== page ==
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If Supreme Court Chief Justice John Roberts is thinking about dismissing a major immigration lawsuit on a technicality, he wasn’t showing it at Monday’s oral arguments.

The case is U.S. v. Texas, a lawsuit Texas and 25 other states brought challenging President Obama’s 2014 executive action that shielded certain undocumented immigrants from deportation.

An ideological 4-4 split would defer to a lower court’s decision halting the action, so the next best hope defenders of the immigration program had was that Roberts -- who in the past has shown skepticism to suits brought by states against the federal government -- would vote with the liberal justices to throw the case out on the basis that Texas didn’t meet the legal qualification known as "standing" to sue in the first place.

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When President Obama announced his major second term executive actions on immigration, it was almost immediately clear that it would lead to a Supreme Court showdown. But now that the case is finally at the high court, the conservative forces pushing it will be without a major ally, with Justice Scalia's unexpected death in February.

All eyes at Monday's oral arguments will be on Chief Justice John Roberts to gauge how he will navigate his court through an already hyper-political case that the vacant seat further complicates.

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Paul Ryan, the budget wunderkind who was elected speaker only after a united House GOP dragged him into the job, is finding himself in the exact same position as former House Speaker John Boehner: unable to find consensus in his conference.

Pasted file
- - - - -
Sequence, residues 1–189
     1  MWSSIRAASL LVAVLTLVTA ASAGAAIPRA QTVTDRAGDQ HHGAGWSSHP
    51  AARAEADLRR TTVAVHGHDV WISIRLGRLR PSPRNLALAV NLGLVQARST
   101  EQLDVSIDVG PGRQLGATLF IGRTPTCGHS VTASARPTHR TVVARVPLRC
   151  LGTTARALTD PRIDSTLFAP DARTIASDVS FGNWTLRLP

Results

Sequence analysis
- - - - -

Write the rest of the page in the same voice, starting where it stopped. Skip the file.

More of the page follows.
Just months after being elected as speaker with the promise he'd return the House to what is called "regular order," Ryan will miss an April 15 deadline to pass a budget even as he still seeks to find consensus around one.

"It's important for Paul," said Rep. Peter King (R-NY) on passing a budget. "It's important to anyone who is speaker, I think because it is what we are supposed to be doing. It is regular order. And with him being budget chairman and even apart from that, it lays out the roadmap for the House for the year."

The irony for Ryan is that the budget debacle unfolding on his watch is more about perception than an actual legislative crisis. Under a fiscal agreement struck between outgoing House Speaker John Boehner and President Obama, there is already a 2017 funding bill in place, a parting gift from Boehner that was intended to save Ryan from the kind of high profile vote wrangling he is facing now as GOP schisms bubble up in an election year.

Ryan, however, had made a pledge to bring back "regular order" and restore the budget process to the committees, all an effort to encourage his conference to feel a stake in the process and unite his party.

Ryan's token of goodwill appears to be backfiring.

"Part of the problem is we're a victim of the success of the fact that we have appropriations numbers already in law. We already have an agreement in law," Ryan said Thursday during a press conference. "That has taken pressure off of the budget situation and that is one of the challenges we are dealing with."

The disagreement raging in the House is over how much Republicans should set out to spend with their top line number. House Budget Chairman Tom Price released a budget plan earlier this year that set discretionary spending at $1.07 trillion for 2017 but some conservatives in the House wanted to see $30 billion less in spending. Ryan has said he still wants to see a budget, but the intransigence of the far right could prove impossible to untangle without a looming deadline.